"Buenos dias", "buenas noches" -- this was the first words in a foreign language I heard in my life, as a three-year old boy growing up in developing post-war Western Germany, where the first gastarbeiters had arrived from Spain. Fascinated by the strange sounds, I tried to get to know some more languages, the only opportunity being TV courses of English and French -- there was no foreign language education for pre-teen school children in Germany yet in those days. Read more
To find some answers Tim Machan explores the language's present and past, and looks ahead to its futures among the one and a half billion people who speak it. His search is fascinating and important, for definitions of English have influenced education and law in many countries and helped shape the identities of those who live in them.
This volume provides a new perspective on the evolution of the special language of medicine, based on the electronic corpus of Early Modern English Medical Texts, containing over two million words of medical writing from 1500 to 1700.
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New journal: Indo-European Linguistics
Indo-European Linguistics (IEL) is a new, double-blind peer-reviewed journal devoted to the study of the Indo-European languages from the perspective of modern linguistics. It provides a venue for synchronic or diachronic linguistic studies of the older Indo-European languages and the Indo-European family as a whole, within any theoretical or analytical framework. IEL welcomes submissions dealing with phonetic, phonological, morphological, syntactic, semantic, and pragmatic aspects of the older Indo-European languages; historical studies of any of the Indo-European languages or branches, including problems related to the reconstruction of proto-Indo-European; typological investigations, including those which make use of data from non-Indo-European languages; and research which draws upon the findings of language acquisition, cognitive science, variationist sociolinguistics, or language contact. Contributions with a focus on more 'traditional' topics such as sound change or etymology, but which have ramifications for linguistic theory or general issues of language use, acquisition, and change, are likewise encouraged.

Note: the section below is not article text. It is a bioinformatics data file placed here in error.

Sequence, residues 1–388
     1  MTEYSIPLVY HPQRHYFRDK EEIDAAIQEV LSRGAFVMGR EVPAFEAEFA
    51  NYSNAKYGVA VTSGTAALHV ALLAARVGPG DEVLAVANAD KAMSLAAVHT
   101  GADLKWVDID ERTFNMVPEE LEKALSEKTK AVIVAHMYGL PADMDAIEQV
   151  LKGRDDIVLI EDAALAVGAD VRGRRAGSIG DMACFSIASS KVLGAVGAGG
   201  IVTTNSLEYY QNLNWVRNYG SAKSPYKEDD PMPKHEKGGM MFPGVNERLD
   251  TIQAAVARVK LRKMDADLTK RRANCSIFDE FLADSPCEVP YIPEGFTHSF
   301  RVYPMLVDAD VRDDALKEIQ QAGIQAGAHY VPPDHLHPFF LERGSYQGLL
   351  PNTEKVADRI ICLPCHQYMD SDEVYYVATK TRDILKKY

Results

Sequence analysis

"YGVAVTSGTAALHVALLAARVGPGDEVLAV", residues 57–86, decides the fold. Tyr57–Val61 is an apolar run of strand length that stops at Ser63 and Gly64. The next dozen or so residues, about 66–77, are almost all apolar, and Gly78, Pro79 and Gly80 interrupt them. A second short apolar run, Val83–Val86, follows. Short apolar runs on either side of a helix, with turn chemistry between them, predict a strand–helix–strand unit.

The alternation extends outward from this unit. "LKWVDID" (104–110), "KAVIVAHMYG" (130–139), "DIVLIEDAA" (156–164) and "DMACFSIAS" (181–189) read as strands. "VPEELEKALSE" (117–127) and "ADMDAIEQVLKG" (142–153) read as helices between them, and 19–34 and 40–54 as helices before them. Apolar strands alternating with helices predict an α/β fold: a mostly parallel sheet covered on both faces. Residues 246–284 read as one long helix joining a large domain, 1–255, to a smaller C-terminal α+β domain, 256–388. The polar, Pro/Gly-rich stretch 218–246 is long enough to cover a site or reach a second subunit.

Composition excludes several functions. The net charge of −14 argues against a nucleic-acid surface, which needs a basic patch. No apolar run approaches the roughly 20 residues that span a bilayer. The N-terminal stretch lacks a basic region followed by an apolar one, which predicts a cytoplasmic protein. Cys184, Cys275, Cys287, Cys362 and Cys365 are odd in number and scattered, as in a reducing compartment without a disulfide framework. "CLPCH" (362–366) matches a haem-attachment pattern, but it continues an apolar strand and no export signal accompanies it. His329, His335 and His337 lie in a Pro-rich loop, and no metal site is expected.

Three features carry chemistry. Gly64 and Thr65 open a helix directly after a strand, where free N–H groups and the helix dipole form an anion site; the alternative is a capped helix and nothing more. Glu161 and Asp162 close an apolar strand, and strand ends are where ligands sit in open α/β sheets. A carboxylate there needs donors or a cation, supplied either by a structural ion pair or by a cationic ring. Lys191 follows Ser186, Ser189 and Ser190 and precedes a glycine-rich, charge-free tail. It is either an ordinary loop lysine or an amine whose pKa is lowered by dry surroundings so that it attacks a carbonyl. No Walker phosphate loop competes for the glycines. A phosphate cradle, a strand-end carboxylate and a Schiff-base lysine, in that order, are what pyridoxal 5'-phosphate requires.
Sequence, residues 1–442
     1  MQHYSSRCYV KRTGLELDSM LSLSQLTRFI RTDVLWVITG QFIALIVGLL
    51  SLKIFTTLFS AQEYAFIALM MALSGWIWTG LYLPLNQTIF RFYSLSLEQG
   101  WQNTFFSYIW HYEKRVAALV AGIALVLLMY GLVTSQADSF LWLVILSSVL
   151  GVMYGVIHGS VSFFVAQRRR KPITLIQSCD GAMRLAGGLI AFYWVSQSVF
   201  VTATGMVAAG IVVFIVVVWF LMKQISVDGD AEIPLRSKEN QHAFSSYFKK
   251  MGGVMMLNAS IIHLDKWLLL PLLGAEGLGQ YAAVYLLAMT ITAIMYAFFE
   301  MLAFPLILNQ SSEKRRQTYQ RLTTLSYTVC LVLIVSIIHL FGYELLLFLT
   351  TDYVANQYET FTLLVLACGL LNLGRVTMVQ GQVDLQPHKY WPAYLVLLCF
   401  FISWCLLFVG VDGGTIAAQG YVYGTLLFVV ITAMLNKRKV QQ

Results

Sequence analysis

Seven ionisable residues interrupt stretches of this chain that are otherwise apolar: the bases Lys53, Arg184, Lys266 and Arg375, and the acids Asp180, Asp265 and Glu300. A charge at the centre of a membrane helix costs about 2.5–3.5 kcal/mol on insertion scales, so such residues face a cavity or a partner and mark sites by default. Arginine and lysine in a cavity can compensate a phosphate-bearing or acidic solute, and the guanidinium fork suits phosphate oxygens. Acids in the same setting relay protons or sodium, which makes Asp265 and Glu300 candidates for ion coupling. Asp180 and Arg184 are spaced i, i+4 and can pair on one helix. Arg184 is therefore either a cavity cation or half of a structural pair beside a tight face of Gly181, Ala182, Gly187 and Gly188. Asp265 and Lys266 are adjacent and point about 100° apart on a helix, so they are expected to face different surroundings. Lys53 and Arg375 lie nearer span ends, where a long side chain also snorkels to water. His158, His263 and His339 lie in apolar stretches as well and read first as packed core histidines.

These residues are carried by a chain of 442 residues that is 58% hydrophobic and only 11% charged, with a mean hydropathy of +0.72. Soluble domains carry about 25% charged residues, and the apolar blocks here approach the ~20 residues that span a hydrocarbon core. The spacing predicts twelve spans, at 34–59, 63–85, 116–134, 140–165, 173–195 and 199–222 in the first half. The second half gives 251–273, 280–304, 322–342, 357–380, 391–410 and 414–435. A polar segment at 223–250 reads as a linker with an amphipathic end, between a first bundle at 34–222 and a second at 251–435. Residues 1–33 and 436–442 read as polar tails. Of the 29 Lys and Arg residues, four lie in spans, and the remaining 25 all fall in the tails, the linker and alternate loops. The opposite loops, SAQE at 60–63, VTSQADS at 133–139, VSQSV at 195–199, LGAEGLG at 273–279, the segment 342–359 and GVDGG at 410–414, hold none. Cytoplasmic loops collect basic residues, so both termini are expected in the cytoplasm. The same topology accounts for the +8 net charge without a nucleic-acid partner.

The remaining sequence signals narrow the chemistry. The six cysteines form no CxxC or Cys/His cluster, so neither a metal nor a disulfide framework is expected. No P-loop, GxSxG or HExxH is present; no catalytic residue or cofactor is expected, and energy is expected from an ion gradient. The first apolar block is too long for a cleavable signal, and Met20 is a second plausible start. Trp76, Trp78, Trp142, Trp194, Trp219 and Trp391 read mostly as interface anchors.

IEL will be published by Brill Academic Publishers in both print and electronic form. The electronic form will be open access for the first five years of the journal's publication. The print form will appear once per year as a volume of ca. 300 pages. The electronic version of articles will be posted as they are ready for publication.
General Editors: Joseph F. Eska (Blacksburg) Ronald Kim (Poznan)
Editorial Board: Stephen Colvin (London) Eystein Dahl (Bergen) Petra Goedegebuure (Chicago) Olav Hackstein (Munich) Götz Keydana (Göttingen) Paul Kiparsky (Stanford) Masato Kobayashi (Tokyo) Martin Kümmel (Jena) Rosemarie Lühr (Jena) H. Craig Melchert (Los Angeles) Don Ringe (Philadelphia) Michael Weiss (Ithaca)
For authors guidelines for the preparation of manuscripts and electronic submission, please direct your browser to www.brill.com/publications/journals/indo-european-linguistics.